- Jeremy Lundblad, ESPN Stats and Information
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Have the New England Patriots finally found their big-play threat at running back?
On Sunday against the Tennessee Titans, Stevan Ridley rushed for 125 yards on 21 carries. That's the second most rushing yards ever by a Patriots running back in Week 1 behind Tony Collins' 137 yards in 1982. No New England back had even cracked triple digits since Curtis Martin in 1995.
Those numbers are impressive. Even more notable is how Ridley got those yards.
Ridley had five carries that went for 15 yards or more. No Patriots running back in at least the past 25 years has done that in a single game, according to the Elias Sports Bureau. Not John Stephens, not Curtis Martin, not Corey Dillon.
The big running play had been noticeably absent from New England's attack for several seasons.
BenJarvus Green-Ellis provided a great deal of stability to the running game -- he never fumbled and he provided consistent gains in short yardage -- but the big play simply wasn't in his repertoire. In fact, Green-Ellis had just four 15-yard runs all last season -- one fewer than Ridley managed in his first game as a primary back.
In 510 carries with the Patriots, Green-Ellis totaled 15 carries for 15 yards or more. Ridley has equaled that total in one-fifth the number of runs.
Ridley's 566 rushing yards are most in Patriots history through 108 career carries by a player who started his career in New England. It's even more than Dillon had through 108 carries when he set the franchise record for yards in 2004.
Ridley's big game was more than just one big gain padded by shorter carries. He consistently found holes, broke tackles and evaded defenders. According to Pro Football Focus, his 3.9 yards after contact per attempt were the most for any running back with at least 10 attempts on Sunday.
But he also did something that Green-Ellis rarely did: made defenders miss tackles. Pro Football Focus counted five missed tackles on Ridley on Sunday. Green-Ellis had 19 all of last season.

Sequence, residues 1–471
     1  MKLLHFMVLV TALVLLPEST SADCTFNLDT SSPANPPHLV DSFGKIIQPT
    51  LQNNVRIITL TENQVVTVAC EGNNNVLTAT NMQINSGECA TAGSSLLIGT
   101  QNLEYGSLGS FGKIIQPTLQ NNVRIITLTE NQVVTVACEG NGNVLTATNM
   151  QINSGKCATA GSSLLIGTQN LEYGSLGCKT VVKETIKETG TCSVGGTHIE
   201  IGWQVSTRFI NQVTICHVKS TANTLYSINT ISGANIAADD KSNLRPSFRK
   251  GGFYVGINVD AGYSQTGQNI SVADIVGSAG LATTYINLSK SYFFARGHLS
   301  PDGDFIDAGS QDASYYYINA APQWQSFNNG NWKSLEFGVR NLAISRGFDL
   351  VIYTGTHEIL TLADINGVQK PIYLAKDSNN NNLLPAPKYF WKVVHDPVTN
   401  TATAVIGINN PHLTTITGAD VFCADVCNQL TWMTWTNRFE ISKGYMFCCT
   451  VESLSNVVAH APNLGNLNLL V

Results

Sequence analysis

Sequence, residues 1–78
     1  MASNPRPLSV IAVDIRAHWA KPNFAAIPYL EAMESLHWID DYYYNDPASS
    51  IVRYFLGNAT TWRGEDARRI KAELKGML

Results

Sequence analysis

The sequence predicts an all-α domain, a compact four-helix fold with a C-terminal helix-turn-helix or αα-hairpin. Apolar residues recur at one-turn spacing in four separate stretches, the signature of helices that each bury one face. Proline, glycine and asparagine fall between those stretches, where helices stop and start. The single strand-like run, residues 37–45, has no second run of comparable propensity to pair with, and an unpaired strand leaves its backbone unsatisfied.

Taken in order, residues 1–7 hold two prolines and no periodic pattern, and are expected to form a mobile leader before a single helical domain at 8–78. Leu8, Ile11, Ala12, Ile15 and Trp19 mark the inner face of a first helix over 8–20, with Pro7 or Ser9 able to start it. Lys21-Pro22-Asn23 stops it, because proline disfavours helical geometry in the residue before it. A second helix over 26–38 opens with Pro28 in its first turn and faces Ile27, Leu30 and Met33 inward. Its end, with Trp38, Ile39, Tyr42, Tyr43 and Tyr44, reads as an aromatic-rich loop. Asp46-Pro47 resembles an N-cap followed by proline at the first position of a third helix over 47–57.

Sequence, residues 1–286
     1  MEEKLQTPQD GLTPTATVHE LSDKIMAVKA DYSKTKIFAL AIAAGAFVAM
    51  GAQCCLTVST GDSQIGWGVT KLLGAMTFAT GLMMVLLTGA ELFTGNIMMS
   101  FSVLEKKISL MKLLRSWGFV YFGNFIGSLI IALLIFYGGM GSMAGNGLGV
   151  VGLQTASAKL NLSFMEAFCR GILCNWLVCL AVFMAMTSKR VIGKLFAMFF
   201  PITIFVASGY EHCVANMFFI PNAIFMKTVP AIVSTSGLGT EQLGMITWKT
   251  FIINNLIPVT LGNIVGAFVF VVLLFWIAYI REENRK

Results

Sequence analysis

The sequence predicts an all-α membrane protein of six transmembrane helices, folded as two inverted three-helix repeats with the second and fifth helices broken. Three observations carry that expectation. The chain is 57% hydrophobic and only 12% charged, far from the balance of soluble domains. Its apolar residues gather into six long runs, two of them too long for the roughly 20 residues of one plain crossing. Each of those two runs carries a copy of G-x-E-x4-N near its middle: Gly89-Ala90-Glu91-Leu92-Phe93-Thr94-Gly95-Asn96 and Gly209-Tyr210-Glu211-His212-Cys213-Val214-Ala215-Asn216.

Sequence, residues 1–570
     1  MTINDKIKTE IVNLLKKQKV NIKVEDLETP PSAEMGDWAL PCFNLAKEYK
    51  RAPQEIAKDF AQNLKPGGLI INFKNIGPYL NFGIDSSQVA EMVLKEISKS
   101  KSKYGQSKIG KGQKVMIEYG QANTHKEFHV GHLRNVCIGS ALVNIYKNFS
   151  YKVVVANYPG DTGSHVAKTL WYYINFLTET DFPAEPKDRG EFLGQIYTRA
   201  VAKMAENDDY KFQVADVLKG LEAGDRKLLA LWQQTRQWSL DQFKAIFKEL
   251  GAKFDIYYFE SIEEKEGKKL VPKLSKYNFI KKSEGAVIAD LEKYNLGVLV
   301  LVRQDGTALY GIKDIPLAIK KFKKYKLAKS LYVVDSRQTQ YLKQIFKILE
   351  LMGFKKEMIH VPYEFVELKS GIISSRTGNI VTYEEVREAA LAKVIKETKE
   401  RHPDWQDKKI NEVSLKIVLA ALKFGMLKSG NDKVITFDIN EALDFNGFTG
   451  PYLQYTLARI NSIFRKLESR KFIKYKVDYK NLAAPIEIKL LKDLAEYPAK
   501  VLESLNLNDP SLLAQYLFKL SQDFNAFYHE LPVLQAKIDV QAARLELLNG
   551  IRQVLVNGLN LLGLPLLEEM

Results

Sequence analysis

Of course, there's plenty of reason for tempered expectations. Above all, it was just one game.
Ridley fell to the third round of the 2011 draft with a reputation as a downhill runner without great speed or the ability to make defenders miss. He ran an unimpressive 4.65 in the 40 at the combine. That would be pretty good speed for a quarterback or a linebacker. But at running back, teammate Shane Vereen's 4.49 is closer to the standard.
His breakout game also came in first week of the season, when opposing defenses aren't quite clicking. Chad Henne didn't turn into Dan Marino last year, even though he looked like it in Week 1 against the Patriots.
The fact his performance came against Titans also calls for restraint. Last season, Ben Tate, LeGarrette Blount, Jonathan Dwyer and Donald Brown all cracked 100 yards against the Titans' run defense, which ranked 24th in the NFL.
With those overreaction caveats aside, what if Ridley is the real deal? What if the Patriots have added a legitimate running threat to their arsenal?
It's become a common refrain that the Patriots' short passing game made the running game redundant. Why settle for a 3-yard run when a quick hit to Wes Welker would bring you 5 yards?
But Ridley's emergence in Week 1 offered a reminder that the running back can also be a big-play weapon. That offensive diversity produces wins.
Consider that the Patriots have now won 18 straight games (and 31 of their past 32) in which they've had a 100-yard rusher. In the Tom Brady era, New England is 35-1 when rushing for 150 or more yards as a team. By contrast, New England has lost two of Welker's three biggest yardage games.
New England's two-tight end offense gains even more versatility with a quality running game that better uses the added blocking skills of tight ends. Last season, the Patriots averaged just 3.4 yards per carry when deploying two tight ends. Imagine how much more difficult covering Aaron Hernandez and Rob Gronkowski becomes if defenses need to worry about the run.
Of course, a consistent running attack also helps control the clock. In 2011, the Patriots bucked logic by winning eight games in which their opponent controlled the ball for the majority of the game. New England finished 13-3 despite finishing 26th in time of possession.
In the Brady era, the Patriots are 81-8 when holding the ball for at least 31 minutes. Compare that to 54-34 when they possess the ball for fewer than 31 minutes.
On Sunday, Ridley helped control the clock, as the Patriots held the ball for more than 31 minutes. He became the first Patriots player to rush for 10 first downs since Martin in 1996. In other words, 47 percent of Ridley's carries moved the chains. That includes all three of his third-down runs.
Those are numbers that keep the clock moving and prevent comebacks. From 2009 to 2010, the Patriots lost five games in which they held a double-digit halftime lead. That doesn't happen with a consistent running game.
After an offseason anticipating the arrival of receiver Brandon Lloyd and the return of the deep ball, perhaps the biggest new threat was already on the roster.
It's not just the yards that bode well for Stevan Ridley, it's how he got them.